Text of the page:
Why your Brain Loves Reishi

Key mechanisms affecting Immune System

The human immune system is a complex system of proteins, cells, tissues, and organs that act together to protect us from infection and illness. They detect and destroy foreign invaders such as bacteria and viruses, and clear old or faulty cells to prevent the progression of disease.

Various physiological and environmental factors influence the function of the immune system1. These include diet (a supply of nutrients), stress (cortisol levels), the gut microbiome2, and level of inflammation.3

The ‘Medicinal Mushroom’ and Immunity

The mushroom Reishi (Ganoderma lucidum), also called Lingzhi, has been used across China and Japan for centuries for its immunity-supporting properties.

Modern scientific studies suggest the phytochemicals present in Reishi possess immunomodulatory - i.e. regulating the immune system - antioxidant and anti-microbial properties5.

Reishi's nutrigenomic role

Reishi, or its extracted components, can seem to increase the proliferation, maturation, or activities of immune cells such as T lymphocytes, B lymphocytes, mononuclear cells, natural killer cells, and dendritic cells in lab-grown cells and animal models5.

On a molecular level, Reishi or its components increase the expression of cytokines, the signalling molecules drive the immune system’s inflammatory response5.

Reishi polysaccharide extracts increase the expression of Blimp-1 (also called Prdm1), a critical regulatory protein involved in the development of immune cells – B and T cells - and the production of antibodies6.

The immune system is quite amazing - but also very complex. As such, it’s very challenging to detangle whether a remedy might be having a direct, indirect, or non-specific effect on supporting immunity. However Reishi interacts with the cells of our immune system, they certainly seem to be partial to this prized fungus.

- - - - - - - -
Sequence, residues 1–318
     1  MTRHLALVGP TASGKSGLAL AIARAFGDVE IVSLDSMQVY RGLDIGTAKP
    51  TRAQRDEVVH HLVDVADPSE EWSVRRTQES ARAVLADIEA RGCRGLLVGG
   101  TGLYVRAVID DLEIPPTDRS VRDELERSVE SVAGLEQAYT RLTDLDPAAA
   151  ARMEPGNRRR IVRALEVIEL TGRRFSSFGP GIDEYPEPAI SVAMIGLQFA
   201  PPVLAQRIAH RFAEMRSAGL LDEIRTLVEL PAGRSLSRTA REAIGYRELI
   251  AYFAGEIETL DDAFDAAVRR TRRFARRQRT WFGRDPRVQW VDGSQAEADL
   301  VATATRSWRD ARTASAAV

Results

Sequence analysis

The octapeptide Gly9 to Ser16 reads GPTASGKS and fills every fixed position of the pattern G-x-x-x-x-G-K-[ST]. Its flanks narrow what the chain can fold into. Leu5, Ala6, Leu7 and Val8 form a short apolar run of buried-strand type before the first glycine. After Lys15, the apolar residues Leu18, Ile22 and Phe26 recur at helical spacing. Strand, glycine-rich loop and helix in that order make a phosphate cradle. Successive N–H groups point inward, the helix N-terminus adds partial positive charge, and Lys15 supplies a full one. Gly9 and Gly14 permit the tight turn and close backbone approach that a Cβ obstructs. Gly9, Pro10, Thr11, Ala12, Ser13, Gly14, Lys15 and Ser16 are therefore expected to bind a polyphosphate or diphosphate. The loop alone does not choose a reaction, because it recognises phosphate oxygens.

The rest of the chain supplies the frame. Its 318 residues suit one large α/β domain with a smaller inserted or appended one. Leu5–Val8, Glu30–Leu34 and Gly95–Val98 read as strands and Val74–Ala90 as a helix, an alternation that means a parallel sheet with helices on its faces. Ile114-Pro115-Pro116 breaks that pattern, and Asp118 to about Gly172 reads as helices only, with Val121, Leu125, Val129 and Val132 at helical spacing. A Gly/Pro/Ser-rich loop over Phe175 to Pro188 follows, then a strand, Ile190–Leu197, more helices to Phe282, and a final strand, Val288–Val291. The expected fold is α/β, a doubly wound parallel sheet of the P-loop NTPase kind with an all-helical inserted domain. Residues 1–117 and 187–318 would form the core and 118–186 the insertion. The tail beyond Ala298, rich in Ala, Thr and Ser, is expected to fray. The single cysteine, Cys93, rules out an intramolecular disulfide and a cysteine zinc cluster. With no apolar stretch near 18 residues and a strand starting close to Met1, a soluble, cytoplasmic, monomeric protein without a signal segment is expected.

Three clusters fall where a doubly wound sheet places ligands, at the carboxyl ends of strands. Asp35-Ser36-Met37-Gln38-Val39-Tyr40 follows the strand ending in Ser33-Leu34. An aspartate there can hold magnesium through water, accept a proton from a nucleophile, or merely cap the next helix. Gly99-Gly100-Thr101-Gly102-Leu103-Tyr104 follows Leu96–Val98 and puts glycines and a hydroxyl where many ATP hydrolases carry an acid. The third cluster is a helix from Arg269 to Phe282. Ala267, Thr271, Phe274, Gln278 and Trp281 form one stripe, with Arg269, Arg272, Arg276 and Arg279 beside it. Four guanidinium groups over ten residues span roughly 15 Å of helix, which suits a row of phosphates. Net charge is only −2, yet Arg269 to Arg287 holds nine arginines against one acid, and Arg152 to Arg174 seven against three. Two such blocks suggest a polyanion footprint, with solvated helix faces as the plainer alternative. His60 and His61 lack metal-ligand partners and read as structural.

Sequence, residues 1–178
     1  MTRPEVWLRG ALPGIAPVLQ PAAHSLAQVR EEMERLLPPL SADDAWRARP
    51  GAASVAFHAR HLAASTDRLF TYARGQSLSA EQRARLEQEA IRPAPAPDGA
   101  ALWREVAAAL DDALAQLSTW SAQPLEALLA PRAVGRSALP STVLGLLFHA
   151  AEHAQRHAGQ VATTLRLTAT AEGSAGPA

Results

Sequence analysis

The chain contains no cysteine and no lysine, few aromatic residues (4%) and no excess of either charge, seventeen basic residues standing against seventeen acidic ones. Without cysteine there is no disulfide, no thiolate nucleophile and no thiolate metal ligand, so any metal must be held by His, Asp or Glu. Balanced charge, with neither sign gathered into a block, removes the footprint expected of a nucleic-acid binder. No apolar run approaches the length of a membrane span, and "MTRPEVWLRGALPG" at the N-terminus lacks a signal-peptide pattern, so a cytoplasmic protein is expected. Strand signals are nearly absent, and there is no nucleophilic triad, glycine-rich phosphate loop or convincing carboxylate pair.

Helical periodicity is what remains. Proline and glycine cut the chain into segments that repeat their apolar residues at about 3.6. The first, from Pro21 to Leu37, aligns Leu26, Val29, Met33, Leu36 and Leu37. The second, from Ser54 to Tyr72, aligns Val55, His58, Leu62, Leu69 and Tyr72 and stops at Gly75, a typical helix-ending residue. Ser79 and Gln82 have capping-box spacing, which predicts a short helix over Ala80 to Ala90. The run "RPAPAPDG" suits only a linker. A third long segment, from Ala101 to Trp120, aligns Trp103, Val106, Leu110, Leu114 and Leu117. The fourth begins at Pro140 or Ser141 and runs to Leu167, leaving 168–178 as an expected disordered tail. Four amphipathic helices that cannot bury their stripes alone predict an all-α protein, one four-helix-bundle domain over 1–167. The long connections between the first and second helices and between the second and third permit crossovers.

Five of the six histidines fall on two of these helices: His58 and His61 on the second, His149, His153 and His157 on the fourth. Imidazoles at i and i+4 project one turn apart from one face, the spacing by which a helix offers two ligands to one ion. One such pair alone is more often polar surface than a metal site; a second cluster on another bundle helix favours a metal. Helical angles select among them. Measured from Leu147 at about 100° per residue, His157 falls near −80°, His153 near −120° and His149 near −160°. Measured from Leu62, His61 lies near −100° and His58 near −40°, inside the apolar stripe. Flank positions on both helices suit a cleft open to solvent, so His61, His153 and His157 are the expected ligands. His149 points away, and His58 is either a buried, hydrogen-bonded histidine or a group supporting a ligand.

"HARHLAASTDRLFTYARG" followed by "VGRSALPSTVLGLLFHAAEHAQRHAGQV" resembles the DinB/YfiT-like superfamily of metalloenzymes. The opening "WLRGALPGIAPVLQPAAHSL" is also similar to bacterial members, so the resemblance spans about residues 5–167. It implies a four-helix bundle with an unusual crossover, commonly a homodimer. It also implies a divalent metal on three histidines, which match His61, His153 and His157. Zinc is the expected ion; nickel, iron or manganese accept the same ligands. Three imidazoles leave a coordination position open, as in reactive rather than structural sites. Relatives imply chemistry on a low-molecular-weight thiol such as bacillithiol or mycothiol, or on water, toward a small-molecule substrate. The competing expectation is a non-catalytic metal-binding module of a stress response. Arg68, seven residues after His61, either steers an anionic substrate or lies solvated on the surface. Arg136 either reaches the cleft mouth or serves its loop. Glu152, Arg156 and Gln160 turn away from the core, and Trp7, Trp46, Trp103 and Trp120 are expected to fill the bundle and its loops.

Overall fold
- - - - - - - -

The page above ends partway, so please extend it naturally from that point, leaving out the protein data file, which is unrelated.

A ‘magical’ mushroom

  • Reishi has been a mainstay of eastern traditional healing for more than two thousand years
  • Lingzhi, its name in China, means "spiritual potency"
  • Reishi flourishes in dense woodland with high humidity and grows on the trunks of aged trees
  • Reishi is so rare that out of 10,000 or so aged trees only two or three will feature reishi growth
  • Because of its rarity, reishi used to be reserved for the likes of emperors and noblemen

Further reading

  1. Horst, R. ter et al. Host and Environmental Factors Influencing Individual Human Cytokine Responses. Cell 167, 1111-1124.e13 (2016).
  2. Schirmer, M. et al. Linking the Human Gut Microbiome to Inflammatory Cytokine Production Capacity. Cell 167, 1125-1136.e8 (2016).
  3. Li, Y. et al. A Functional Genomics Approach to Understand Variation in Cytokine Production in Humans. Cell 167, 1099-1110.e14 (2016).
  4. Cassa Macedo, A., Oliveira Vilela de Faria, A. & Ghezzi, P. Boosting the Immune System, From Science to Myth: Analysis the Infosphere With Google. Front. Med. 6, 165 (2019).
  5. Wachtel-Galor, S., Yuen, J., Buswell, J. A. & Benzie, I. F. F. Ganoderma lucidum (Lingzhi or Reishi). Herb. Med. Biomol. Clin. Asp. Second Ed. 175–199 (2011).
  6. Lin, K.-I. et al. Reishi Polysaccharides Induce Immunoglobulin Production through the TLR4/TLR2-mediated Induction of Transcription Factor Blimp-1 *. J. Biol. Chem. 281, 24111–24123 (2006).